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Flashcards in SESSION 5 Deck (46):

The action potential is often described as all- or- nothing.
What does this mean?

Action potential is dependent on whether the threshold is reached
If the threshold is reached then he potential will definitely fire
If the threshold is not reached then the potential will not be fired

All- or- nothing- no transmission or transmission of the same amplitude
Amplitude never changes but increasing the frequency can effect the type of threshold reached


Which ion channels are involved in generating an action potential?

Voltage gated sodium and potassium channels


Briefly describe the molecular nature of the sodium and potassium channels

Voltage gated 6 transmembrane domains
Number 4 is positively charges
Change in membrane potential and depolarisation
due to charge repulsion there is a conformational change which allows the pore to open and allow sodium in and potassium out


Define activation in terms of voltage- activated ion channel

Activated means the opening and closing of the channel ion as a result of the electrical membrane potential


Define inactivation in terms of a voltage- activated ion channel

Inactivation means ion impermeable
The inactivation can be thought of as a plug
Closure of the inactivation gate causes sodium flow through the channel to stop, causing membrane potential to rise
It will reactivate when hyperpolarisation occurs


Describe how ions move as a consequence of channel opening during action potential

Membrane depolarised:
- Sodium ion channels open
- Sodium influx

Repolarisation of action potential is a two stage process:
Stage 1:
- Sodium ion channels inactivate
- Sodium influx stops

Stage 2:
- Potassium ion channels open
- Potassium efflux

Hyperpolarisation- due to delayed closing of the potassium ion channels


If the Na+/ K+ pump were to be blocked, what would be the consequence for nerve conduction of a single action potential in a nerve fibre?

No consequence- ion concentration is such a minor change


If the Na+/ K+ pump were to be blocked, what would be the consequence for nerve conduction of a train of 1000 action potentials?

There will be nothing to return it to normal, very high intracellular ion
e.g. No sodium gradient thus an action potential cannot be generated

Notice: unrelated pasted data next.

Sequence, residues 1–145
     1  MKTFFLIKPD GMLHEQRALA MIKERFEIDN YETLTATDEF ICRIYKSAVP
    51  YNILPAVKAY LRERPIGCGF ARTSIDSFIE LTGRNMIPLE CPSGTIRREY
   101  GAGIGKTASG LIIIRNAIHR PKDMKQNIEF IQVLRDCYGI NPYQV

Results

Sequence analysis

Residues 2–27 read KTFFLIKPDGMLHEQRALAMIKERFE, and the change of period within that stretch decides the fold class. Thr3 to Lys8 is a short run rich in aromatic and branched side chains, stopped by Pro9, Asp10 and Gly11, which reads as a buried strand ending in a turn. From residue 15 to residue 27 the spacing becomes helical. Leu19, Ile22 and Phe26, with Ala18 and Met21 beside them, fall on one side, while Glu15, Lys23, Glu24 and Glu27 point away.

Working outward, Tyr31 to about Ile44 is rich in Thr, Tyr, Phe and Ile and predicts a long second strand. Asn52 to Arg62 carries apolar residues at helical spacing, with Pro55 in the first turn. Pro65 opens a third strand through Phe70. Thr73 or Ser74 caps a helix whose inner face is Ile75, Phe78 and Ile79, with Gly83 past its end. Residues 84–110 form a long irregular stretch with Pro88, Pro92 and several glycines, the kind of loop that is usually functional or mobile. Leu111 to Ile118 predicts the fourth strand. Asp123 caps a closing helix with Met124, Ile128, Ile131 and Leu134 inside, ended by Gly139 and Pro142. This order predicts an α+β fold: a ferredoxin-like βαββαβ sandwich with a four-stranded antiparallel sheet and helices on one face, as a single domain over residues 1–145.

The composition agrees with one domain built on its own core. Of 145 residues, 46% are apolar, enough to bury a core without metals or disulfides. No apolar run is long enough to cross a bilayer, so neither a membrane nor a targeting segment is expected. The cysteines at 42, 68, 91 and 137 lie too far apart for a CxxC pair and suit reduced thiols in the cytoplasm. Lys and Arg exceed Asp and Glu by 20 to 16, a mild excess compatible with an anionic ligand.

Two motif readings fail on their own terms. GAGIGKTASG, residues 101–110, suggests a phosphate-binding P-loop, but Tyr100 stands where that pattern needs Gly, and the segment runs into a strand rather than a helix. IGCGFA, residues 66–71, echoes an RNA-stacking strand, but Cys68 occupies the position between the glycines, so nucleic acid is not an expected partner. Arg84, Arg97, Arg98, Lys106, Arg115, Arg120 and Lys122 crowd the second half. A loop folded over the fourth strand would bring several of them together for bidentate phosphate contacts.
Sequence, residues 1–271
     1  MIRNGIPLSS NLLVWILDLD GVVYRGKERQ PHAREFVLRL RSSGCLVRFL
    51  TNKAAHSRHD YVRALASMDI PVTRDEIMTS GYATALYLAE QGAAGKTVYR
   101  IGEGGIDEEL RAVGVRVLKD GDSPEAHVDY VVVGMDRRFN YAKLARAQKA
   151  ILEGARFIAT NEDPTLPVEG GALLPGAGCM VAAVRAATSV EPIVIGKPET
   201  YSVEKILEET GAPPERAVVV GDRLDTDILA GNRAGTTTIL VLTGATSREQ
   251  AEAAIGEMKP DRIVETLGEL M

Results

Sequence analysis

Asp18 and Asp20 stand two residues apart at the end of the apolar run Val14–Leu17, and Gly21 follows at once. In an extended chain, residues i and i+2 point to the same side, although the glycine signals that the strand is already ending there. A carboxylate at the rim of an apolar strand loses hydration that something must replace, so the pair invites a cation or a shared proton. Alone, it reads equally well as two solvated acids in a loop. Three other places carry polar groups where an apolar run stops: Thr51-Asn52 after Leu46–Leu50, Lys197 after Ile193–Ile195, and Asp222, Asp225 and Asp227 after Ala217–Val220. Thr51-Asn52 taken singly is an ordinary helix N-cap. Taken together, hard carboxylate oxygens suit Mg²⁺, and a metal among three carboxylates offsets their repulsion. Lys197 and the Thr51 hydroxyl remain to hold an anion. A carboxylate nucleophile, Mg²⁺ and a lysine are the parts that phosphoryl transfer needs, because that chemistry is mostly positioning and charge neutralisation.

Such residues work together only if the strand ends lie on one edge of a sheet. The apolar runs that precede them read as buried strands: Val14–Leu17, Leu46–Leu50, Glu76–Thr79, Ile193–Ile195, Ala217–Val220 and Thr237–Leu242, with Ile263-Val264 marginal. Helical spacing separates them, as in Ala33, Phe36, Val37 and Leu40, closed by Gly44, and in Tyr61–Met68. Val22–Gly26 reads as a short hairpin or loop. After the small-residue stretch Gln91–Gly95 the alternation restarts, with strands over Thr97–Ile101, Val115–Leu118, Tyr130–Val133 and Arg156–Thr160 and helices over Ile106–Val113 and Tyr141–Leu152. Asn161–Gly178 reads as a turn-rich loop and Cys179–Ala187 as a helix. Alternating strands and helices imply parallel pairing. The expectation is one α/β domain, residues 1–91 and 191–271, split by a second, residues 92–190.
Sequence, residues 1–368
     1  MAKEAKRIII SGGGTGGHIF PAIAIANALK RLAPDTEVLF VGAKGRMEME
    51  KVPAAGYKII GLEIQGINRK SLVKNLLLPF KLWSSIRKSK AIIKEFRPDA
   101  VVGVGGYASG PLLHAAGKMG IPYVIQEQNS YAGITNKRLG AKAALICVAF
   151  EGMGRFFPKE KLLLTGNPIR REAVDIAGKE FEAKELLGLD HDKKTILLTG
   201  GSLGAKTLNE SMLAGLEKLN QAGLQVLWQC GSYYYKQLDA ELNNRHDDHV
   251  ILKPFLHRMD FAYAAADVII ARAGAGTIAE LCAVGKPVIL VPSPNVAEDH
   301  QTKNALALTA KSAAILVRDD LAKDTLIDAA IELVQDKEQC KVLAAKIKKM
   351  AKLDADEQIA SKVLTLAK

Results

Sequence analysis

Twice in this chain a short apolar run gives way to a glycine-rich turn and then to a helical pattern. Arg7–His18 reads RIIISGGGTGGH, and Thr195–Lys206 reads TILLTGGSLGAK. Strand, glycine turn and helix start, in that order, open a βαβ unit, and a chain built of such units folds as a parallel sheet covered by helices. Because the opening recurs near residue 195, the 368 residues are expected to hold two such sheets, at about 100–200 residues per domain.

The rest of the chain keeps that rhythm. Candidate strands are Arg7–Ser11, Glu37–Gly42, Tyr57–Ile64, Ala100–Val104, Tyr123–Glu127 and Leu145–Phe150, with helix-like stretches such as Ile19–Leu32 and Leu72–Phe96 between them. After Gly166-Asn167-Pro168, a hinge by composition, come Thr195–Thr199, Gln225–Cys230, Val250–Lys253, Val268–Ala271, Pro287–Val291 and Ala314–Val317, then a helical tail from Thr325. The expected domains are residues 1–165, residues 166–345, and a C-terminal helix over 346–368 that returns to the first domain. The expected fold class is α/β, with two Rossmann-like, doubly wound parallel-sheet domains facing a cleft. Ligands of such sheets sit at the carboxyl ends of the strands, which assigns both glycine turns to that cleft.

Na+K+ATPase is not required for action potential re- setting mechanism
However the pump is required to re- set the membrane potential when lots have been fired


Define the term absolute refractory period

The time between initially opening and the initial closing of the Na+ channels

No matter how strong the stimulus nothing will initiate an action potential


Define the term relative refractory period

The time to recover back to the resting potential

Potential for action potential if strong stimulus applied


Explain how the properties of ion channels lead to the absolute and relative refractory periods

ARP- nearly all the sodium channels are in the inactive state

RRP- sodium channels are recovering from inactivation, the excitability returns toward normal as the number of channels in the inactive state decease


How might a drug act to block the production of action potentials?

Competitive block
Blocking of nicotinic receptors through competitive blocking


Indicate how local anaesthetics act to block action potentials of peripheral nerves

Procaine is an example of an anaesthetic

Two types of channel blockers:
Hydrophobic pathway- pass through the plasma membrane when pores are open and block entry of ions
Hydrophilic pathway- can't pass through the plasma membrane so act as competitive blockers

The more channels that open, the more anaesthetic binds, remain bound during inactivation


Tetrodotoxin blocks voltage- gated Na+ channels
4- aminopyridine blocks voltage- gated K+ channels

What effect would you expect each to have on the action potential?

Sodium channel blocked
Sodium cannot enter the cell
Depolarisation will not occur
Therefore a threshold potential wont be reached
No action potential generated

4- aminopyridine
Blocks potassium channels
The membrane will repolarisation but take longer as the non- voltage gated dependent channels would open
ARP is increased therefore another action potential cannot be fired during this time


Explain how release of ACh from the motor nerve terminal causes an action potential in the skeletal muscle

When acetyl choline binds to the channel that will cause a non formational change in the nicotinic acetylcholine protein causing the pore to open
The pore is cation selective- allowing flow of both potassium and sodium at equal rebates
Normal membrane potential is close to potassium equilibrium potential- therefore the driving force for potassium ions to leave is less than it is for sodium to enter
Sodium influx therefore predominates- leading to depolarisation
It will try to reach reversal potential for this channel which is halfway between the Ek and Ena
Depolarisation past threshold will result in an action potential